COLUMBIA — The tuition freeze at the University of Missouri System's four campuses is all but certain to end this year.
The administration is asking the UM System Board of Curators for a 5.5 percent average increase for in-state undergraduate students. The curators will meet later this week to consider the request.
The Columbia campus is asking for a 5.8 percent increase, which would provide a $13 million increase in revenue. Tuition and fees at MU would increase to $8,993 for a student taking 28 hours over two semesters, up from $8,500 during the current school year.
Other campuses are asking for increases of between 4.7 percent and 6.6 percent. This would be the first year for the system's four campuses to be decoupled, allowing each to recommend increases based on specific needs.
“We've tried to keep those [increases] at the lowest levels possible,” said Nikki Krawitz, vice president for finance and administration.
Yet, the UM System is expected to provide a certain level of quality for students, she said.
“If we are going to recruit and maintain faculty, keep buildings in good shape and make programs available to them, it requires a tuition increase of this size,” Krawitz said.
The increase would take effect at the beginning of the fiscal year in July.
The news comes on the heels of Gov. Jay Nixon's State of the State address, in which he recommended a 7 percent decrease in appropriations — $10.4 million — to the Columbia campus. That leaves the state's flagship campus with a $32 million budget gap before the curators finalize any tuition and fees increase.
If the tuition increase is approved, MU still must close a $17 million shortfall in the Fiscal Year 2012 budget. A variety of options are on the table, said Todd Mackley, assistant director of budgeting.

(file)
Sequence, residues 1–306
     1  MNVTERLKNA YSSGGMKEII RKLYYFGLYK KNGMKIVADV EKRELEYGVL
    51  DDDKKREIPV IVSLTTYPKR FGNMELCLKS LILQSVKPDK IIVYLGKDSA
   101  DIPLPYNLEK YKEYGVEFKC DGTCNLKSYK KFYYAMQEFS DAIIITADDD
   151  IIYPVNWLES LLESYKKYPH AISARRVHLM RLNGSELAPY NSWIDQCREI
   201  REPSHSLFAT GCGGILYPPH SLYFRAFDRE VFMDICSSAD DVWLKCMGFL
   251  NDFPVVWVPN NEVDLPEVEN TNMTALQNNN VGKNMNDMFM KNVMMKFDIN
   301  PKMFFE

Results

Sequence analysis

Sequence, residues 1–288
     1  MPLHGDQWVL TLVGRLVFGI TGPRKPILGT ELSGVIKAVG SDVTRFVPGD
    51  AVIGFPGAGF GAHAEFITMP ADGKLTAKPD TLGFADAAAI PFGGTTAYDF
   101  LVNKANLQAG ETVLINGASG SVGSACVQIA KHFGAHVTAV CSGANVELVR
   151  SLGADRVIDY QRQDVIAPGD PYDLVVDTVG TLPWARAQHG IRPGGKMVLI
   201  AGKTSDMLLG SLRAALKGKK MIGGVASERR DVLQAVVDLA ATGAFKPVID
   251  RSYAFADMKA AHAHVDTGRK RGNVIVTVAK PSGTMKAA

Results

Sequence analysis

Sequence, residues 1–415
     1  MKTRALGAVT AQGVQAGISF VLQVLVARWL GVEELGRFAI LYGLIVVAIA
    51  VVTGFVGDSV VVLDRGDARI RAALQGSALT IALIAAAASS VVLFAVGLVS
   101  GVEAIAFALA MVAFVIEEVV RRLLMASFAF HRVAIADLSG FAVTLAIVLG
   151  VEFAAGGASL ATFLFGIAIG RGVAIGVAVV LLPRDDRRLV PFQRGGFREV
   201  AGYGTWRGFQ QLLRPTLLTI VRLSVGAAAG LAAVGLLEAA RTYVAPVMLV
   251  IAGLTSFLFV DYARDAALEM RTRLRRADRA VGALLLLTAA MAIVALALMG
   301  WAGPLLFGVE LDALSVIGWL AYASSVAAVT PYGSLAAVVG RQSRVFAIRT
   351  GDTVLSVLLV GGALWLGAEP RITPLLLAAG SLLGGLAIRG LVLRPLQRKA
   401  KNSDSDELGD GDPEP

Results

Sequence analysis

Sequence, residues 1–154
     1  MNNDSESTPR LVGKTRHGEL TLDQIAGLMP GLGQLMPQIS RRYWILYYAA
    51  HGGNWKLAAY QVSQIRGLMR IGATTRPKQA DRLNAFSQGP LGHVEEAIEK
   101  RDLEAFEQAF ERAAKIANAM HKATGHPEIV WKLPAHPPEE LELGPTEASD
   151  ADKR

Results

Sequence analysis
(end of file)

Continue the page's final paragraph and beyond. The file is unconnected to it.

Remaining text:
Departments may be asked to cut budgets, as they were last year, he said. In addition, maintenance repairs can be further delayed. MU currently has a maintenance backlog of $511 million.
All four UM System campuses are seeking tuition increases, with Missouri University of Science and Technology in Rolla asking for the largest — 6.6 percent. The University of Missouri-St. Louis is recommending a 4.7 percent increase, and the University of Missouri-Kansas City is requesting 4.8 percent.
The budget is not usually set this early in the year, said Christian Basi, associate director of the MU News Bureau. But because the rate of the tuition increase is above that of the consumer price index, the UM System must apply for a waiver to the Missouri Department of Higher Education.
“We have to plan the best we can for next year,” Basi said. “It's good to have something like this set ahead of schedule.”
The curators will consider tuition and fees increases on nonresident undergraduate students, graduate students and various professional schools at this week's meeting.
The two-year tuition freeze was an agreement between Nixon and former UM System President Gary Forsee in exchange for retaining a consistent level of state funding.